Faculty Spotlight: Erin Strong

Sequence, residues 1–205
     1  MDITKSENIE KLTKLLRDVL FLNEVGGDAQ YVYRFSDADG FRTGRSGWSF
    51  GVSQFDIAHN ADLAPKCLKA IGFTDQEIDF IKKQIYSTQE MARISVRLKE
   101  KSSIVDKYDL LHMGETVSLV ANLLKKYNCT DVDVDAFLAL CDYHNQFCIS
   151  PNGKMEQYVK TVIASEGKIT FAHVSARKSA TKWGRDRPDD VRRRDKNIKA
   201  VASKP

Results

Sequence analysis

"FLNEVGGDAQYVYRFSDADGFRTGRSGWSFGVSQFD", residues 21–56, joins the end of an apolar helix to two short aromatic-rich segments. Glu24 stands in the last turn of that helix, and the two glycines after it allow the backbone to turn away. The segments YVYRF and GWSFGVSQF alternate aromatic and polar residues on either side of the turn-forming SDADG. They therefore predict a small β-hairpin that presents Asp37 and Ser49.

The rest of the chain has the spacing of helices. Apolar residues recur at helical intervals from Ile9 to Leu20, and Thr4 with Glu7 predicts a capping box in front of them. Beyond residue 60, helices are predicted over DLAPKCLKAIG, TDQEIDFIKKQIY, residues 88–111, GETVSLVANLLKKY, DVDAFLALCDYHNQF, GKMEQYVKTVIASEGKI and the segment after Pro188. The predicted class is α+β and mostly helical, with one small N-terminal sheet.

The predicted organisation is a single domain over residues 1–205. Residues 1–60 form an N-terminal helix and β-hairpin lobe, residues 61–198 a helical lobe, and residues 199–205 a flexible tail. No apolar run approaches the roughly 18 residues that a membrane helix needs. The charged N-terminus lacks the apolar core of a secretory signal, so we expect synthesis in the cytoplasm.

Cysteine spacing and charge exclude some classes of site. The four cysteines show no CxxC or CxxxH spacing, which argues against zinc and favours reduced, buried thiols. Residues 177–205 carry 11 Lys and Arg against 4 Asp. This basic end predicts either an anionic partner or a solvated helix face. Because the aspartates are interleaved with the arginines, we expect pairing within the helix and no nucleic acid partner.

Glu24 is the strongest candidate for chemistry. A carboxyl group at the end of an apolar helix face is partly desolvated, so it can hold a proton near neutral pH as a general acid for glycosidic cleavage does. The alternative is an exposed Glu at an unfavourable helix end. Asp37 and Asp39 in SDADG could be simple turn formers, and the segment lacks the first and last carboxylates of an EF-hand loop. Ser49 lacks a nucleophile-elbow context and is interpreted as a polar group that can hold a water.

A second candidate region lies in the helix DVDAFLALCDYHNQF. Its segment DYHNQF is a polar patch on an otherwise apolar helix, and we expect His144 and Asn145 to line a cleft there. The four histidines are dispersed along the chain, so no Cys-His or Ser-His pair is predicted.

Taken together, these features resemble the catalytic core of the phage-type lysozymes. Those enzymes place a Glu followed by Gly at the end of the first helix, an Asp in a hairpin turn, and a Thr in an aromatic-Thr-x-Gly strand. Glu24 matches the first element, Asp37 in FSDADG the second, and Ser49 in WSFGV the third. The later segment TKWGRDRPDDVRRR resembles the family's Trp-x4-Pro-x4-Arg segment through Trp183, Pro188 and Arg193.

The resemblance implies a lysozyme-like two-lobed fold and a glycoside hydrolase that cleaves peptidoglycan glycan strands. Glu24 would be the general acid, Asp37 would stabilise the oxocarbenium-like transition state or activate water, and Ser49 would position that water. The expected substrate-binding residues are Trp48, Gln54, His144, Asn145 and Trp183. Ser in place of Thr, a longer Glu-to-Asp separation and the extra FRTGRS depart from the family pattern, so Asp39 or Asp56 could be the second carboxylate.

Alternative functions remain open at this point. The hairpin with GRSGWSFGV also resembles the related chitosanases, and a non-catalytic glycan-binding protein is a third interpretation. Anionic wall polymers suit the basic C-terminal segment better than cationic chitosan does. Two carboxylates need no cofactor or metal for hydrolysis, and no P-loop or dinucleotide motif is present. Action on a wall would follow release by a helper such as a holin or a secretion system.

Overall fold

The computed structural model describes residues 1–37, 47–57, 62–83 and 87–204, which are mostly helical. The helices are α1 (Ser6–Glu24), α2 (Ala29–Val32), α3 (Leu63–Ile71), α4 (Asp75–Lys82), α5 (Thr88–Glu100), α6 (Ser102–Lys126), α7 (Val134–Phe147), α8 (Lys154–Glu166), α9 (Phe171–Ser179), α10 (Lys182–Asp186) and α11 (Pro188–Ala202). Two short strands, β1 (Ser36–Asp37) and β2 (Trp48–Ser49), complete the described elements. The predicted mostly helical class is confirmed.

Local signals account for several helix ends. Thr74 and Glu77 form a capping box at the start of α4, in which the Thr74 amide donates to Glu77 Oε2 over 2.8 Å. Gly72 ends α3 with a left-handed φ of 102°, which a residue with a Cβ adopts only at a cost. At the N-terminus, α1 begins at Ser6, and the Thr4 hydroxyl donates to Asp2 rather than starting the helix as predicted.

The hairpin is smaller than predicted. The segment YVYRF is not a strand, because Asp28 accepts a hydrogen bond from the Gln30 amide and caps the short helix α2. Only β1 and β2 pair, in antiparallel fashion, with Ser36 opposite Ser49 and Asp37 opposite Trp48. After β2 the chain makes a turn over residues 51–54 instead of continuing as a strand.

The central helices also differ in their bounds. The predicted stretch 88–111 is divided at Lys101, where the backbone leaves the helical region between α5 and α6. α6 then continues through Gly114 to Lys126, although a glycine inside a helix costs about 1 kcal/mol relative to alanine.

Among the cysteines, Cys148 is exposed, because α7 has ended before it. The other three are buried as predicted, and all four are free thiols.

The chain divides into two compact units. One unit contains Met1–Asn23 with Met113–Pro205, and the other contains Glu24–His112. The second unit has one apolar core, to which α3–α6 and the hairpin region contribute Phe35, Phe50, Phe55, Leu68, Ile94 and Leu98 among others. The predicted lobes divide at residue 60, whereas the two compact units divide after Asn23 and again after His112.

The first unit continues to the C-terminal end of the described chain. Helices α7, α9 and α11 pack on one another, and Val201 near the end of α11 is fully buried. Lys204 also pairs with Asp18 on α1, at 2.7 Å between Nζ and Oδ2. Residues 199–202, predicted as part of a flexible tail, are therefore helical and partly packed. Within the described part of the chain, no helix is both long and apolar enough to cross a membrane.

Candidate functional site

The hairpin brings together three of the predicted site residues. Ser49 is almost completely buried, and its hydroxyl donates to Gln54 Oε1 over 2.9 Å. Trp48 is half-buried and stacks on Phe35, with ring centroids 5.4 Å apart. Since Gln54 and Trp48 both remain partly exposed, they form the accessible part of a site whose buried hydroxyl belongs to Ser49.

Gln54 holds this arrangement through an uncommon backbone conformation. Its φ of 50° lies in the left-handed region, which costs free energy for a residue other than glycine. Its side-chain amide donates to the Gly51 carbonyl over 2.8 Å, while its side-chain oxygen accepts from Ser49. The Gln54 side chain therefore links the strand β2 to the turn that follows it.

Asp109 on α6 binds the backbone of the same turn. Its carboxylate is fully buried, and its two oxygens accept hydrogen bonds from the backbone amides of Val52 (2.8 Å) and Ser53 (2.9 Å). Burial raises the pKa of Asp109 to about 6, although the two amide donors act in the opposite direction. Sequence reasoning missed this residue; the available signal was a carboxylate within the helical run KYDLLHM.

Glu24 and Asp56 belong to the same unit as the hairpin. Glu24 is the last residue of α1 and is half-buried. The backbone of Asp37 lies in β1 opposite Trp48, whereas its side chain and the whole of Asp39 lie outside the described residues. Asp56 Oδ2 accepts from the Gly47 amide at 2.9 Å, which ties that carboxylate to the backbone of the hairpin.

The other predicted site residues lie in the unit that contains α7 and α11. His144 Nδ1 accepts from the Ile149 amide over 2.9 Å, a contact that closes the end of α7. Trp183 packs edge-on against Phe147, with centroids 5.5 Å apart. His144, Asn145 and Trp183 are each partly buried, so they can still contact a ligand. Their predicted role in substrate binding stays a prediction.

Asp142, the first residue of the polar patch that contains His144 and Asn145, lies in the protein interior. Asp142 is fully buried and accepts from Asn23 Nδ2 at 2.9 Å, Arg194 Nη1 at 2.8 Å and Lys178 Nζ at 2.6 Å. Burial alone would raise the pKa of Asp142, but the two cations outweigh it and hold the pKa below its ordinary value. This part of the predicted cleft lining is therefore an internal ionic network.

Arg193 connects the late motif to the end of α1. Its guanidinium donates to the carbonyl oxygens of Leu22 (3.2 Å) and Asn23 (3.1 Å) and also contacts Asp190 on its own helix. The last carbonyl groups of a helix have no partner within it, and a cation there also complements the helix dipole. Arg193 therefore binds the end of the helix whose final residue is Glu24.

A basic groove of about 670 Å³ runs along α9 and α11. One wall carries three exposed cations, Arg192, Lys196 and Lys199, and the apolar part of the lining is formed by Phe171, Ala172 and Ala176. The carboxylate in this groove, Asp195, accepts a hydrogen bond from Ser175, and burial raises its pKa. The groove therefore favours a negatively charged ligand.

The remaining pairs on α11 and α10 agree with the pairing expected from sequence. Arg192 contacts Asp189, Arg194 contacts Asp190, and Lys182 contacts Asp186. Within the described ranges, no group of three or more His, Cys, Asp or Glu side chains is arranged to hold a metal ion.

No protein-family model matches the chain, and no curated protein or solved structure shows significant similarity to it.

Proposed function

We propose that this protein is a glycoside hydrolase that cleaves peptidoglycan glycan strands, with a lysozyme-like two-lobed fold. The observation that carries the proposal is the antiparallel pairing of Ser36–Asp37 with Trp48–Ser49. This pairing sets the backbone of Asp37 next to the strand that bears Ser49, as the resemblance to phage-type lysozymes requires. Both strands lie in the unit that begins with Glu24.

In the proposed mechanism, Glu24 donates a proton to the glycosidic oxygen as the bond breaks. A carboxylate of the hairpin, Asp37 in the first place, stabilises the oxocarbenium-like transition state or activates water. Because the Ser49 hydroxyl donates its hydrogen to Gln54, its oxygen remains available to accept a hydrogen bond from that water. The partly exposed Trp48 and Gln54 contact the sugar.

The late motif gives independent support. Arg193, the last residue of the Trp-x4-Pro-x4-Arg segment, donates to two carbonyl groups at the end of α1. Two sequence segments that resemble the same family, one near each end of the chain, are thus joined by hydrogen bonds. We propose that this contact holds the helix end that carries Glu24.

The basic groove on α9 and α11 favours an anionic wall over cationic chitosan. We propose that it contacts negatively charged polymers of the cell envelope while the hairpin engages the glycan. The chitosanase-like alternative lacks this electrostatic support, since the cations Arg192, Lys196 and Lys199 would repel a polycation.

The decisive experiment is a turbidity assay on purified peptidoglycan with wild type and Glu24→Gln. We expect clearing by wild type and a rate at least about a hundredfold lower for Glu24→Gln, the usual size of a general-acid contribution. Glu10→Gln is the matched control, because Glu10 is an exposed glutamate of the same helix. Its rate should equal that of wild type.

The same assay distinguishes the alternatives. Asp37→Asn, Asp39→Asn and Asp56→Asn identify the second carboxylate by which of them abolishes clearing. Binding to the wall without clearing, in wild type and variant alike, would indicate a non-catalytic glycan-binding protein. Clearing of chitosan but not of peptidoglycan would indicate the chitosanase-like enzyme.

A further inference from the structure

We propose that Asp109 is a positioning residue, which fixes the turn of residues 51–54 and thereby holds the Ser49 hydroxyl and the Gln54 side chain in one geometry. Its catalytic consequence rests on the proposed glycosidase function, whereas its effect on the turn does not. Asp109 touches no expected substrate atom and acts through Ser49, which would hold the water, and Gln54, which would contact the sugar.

“Dance is not something I just do. It is a part of who I am,” said Erin Strong, Head of the Department of Theatre and Dance. Strong performed with the Ellen Sinopoli and Deborah Damast companies and has studied dance with Mark Morris, Trisha Brown and Limon; she currently teaches and choreographs at Phillips Academy. Strong first felt the urge to dance when she was just two years old because of the 80’s television show Sha Na Na. Strong sensed a tingle in her toes and rhythm in her bones whenever she heard the melody of “Goodnight Sweetheart” on the show and would make her family do a kick-line to the song. Strong said, “When I was three or four my mother signed me up for formal dance classes. But I really attribute it to Sha Na Na [and] dancing in the living room [for] starting the bug. “ Strong tried several different styles of dance including modern, ballet, jazz, ballroom, tap, and hip-hop. Her favorite dance styles are ballet and modern. Strong said, “I love teaching ballet technique, but I love performing modern dance. I am very drawn to… the expression and creativity.” Strong went on to pursue a major in dance at Skidmore College before earning a graduate degree in dance education from New York University and finally coming to Phillips Academy. Her career in dance education came unexpectedly, since she did not initially consider combining her two loves: dancing and teaching. “Growing up, my childhood dream was to be a professional dancer and to dance on the moon. I was always torn; did I want to be a professional dancer or an astronaut?” said Strong with a smile. While she never pursued astronomy, Strong still kept her options open, telling people that she wanted be “a professional dancer or something else.” Her ideas included being a journalist and a history or social science teacher. Only later, while she was helping manage an outreach program of the Mark Morris Dance Group, did Strong begin to consider dance education. She was at a workshop at a performing arts high school when a member of the Mark Morris Company suddenly invited her to help teach the class. “The teacher said, ‘Erin, what’re you going to do, sit there? No, you’re going to come up here and be my co-teacher.’” Strong said, “And it suddenly clicked. Oh my gosh! I don’t want to be [organizing] dance, I actually want to be doing it.” Strong says she loves teaching dance because she is “able to guide students to make the material [on] their own, so they can present something refreshing and new.” She said, “I try to push my dancers to go beyond just technique and analyze their movement so they gain a deeper awareness of their body and what they can convey through motion.” Strong has been influence by many dance teachers and choreographers. One teacher in particular is Luigi, a dance instructor in New York. “His love for not just dancing, but life, and the joy he finds in dancing is so contagious,” said Strong. She continued, “The way [Luigi] teaches really empowers you and makes you realize why it is that you love dance.” Strong was also influenced by the work of the José Limón Company. She said she was drawn to the way the company conveys ideas of the human spirit through dance. She was particularly struck by the use of breath to dictate movement. Strong said, “[Limón technique] also [has] a concept of fall, rebound and recovery. Metaphorically speaking, this is looking at life and the human spirit’s ability to rebound and representing that in a physical way.” Currently, Strong is a part of Deadfall Dance, a company founded by another Phillips Academy dance teacher, Judith Wombwell. Now in her fifth year teaching at PA, Strong said, “What appeals to me is that [Andover] is not a performing arts school. So, when I teach here, I’m looking at how dance fits in to the big picture and our everyday lives.”